Botswana – the lion country

I was recently watching the documentary “The Last Lions” filmed in the Okavango Delta. It brought back memories of my trip to the delta a few years back, especially that of a lioness that I came across on a safari drive. The lioness had looked quite lost and distressed, looking into the distance as if searching for something. The guide told us that her pride had been shot by the villagers as they had gone into the village and attacked some dogs. This young lioness had escaped death, perhaps she had been with her cubs, when the others were killed. Whatever the reason, she didn’t seem to know that her family was no-more or perhaps she was hoping that they had survived somehow. She did not seem bothered by all the jeeps travelling alongside her. Watching the documentary, I wonder if her small pride might have been driven to the edges of the delta by other larger prides. Having moved closer to the villages and running short of food, they must have foraged into the villages and met their demise. Human villages encroaching further and further into the delta should be prevented. It is sad that the lion population, according to the National Geographic documentary, is down to 20,000 from their population of 450,000 fifty years ago.


The trip to Botswana was quite an unexpected one as it had not been on my travel list. The No. 1 Ladies Detective Agency series had been my introduction to the country and while I had found the place fascinating, I had not thought I would visit there anytime soon. Then, I received an invitation from some family friends living in South Africa to visit them there before they returned to Sri Lanka later that year. When my colleague and I decided to visit South Africa, a friend of my colleague invited us both to travel with her to neighbouring Botswana where her relatives lived. I am glad we took her up on her invitation as the trip to Botswana remains among one of my favourite travels to-date.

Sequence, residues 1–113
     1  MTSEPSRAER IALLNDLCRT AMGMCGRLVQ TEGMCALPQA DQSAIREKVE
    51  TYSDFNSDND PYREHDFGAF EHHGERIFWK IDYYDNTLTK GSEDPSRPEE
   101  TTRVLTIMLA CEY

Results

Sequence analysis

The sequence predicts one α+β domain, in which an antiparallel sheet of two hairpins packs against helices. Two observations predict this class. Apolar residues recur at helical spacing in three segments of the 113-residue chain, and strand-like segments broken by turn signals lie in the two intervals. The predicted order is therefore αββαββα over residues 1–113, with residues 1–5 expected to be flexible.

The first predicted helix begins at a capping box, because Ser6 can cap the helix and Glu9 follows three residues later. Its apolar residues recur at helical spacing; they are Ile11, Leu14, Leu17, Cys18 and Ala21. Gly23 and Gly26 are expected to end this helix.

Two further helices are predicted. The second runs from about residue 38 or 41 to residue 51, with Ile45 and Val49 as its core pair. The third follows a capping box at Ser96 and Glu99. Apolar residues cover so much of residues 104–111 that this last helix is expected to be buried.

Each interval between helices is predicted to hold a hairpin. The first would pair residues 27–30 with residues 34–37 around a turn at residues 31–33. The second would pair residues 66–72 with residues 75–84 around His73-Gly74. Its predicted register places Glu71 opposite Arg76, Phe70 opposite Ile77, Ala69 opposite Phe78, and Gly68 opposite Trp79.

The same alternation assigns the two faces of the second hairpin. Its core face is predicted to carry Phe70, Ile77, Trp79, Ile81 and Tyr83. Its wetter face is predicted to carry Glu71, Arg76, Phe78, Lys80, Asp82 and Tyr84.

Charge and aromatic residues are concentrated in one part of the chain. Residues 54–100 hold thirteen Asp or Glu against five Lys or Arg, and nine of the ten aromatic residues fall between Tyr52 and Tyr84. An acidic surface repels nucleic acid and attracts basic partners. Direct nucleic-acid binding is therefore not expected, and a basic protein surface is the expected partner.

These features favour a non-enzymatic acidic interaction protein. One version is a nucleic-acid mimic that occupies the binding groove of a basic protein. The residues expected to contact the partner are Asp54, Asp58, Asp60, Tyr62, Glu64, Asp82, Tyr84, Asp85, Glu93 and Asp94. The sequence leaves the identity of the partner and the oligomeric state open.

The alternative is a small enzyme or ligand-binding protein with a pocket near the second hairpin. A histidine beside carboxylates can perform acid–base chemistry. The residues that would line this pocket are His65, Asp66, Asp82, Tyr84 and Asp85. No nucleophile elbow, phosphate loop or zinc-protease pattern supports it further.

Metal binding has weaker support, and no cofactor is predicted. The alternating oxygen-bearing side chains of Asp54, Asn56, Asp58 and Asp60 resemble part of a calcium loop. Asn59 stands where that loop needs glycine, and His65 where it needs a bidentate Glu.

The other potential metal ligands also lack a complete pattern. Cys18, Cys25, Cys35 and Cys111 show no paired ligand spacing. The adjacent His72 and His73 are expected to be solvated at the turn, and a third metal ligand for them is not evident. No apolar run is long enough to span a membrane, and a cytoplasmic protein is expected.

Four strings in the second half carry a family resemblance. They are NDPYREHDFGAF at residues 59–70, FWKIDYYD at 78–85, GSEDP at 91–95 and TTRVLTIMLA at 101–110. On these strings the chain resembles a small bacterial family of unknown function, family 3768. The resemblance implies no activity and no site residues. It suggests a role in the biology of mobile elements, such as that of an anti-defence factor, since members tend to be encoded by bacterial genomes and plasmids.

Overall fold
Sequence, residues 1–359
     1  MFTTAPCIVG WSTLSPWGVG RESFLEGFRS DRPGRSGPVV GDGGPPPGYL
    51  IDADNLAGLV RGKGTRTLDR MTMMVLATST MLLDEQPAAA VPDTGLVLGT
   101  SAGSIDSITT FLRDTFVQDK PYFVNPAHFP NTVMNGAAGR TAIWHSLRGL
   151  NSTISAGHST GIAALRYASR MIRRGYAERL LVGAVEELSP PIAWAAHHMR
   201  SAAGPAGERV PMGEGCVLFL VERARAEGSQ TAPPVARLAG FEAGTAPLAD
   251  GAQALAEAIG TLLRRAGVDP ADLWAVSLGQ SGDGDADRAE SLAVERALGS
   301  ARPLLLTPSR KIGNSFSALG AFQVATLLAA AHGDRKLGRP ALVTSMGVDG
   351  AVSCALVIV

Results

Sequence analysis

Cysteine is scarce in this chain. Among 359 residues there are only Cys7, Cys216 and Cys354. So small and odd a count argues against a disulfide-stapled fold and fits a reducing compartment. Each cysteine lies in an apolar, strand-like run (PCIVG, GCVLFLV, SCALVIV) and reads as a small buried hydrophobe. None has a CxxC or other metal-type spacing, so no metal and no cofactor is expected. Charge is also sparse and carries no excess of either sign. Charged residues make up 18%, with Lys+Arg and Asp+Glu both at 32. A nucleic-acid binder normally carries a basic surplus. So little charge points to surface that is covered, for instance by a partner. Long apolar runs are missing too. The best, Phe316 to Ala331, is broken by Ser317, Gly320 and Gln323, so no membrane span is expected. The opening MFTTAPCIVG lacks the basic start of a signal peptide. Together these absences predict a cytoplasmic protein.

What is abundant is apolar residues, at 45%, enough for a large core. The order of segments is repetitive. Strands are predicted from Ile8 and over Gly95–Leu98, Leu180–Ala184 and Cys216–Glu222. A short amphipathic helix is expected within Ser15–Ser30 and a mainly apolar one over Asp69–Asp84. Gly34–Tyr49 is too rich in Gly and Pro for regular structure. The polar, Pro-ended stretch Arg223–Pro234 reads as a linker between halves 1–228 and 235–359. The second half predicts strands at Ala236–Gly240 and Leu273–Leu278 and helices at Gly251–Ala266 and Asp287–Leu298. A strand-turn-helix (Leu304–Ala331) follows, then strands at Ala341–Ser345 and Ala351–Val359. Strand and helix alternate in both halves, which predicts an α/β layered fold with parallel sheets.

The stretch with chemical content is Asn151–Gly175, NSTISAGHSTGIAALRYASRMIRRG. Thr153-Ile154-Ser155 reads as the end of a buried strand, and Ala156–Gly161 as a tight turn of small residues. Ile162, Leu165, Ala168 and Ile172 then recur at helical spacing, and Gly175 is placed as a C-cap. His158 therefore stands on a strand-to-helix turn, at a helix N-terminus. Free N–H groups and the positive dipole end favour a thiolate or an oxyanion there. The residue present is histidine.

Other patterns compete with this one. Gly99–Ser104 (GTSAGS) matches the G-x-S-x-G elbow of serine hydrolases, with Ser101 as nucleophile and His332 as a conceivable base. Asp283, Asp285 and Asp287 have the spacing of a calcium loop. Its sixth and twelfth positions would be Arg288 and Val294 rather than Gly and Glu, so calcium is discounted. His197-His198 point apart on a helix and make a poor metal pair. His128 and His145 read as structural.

From Johannesburg, we took a flight to Gaborone. Only Air Botswana and South African airways flew into Botswana so there was not much air traffic. From Gaborone, we went on a five hour drive to Francistown, where our hosts lived.  After arriving in Francistown at the home of our host family and spending the day with them, we took a car the next morning to Planet Baobab in Gweta. The website of the B&B was lovely and we found that our expectations was met when we arrived there and were shown our quirky accommodations in traditional huts. After a restful afternoon and evening around the B&B, simply soaking in the atmosphere, we woke up early in the morning to go on our booked tour. We went on a drive to the Nxai salt pans, which were a part of the ancient Lake Makgadikgadi. The Makgadikgadi Pans National Park is said to be roughly the size of Switzerland and is the remnants of Lake Makgadikgadi, which dried up around 10,000 years ago.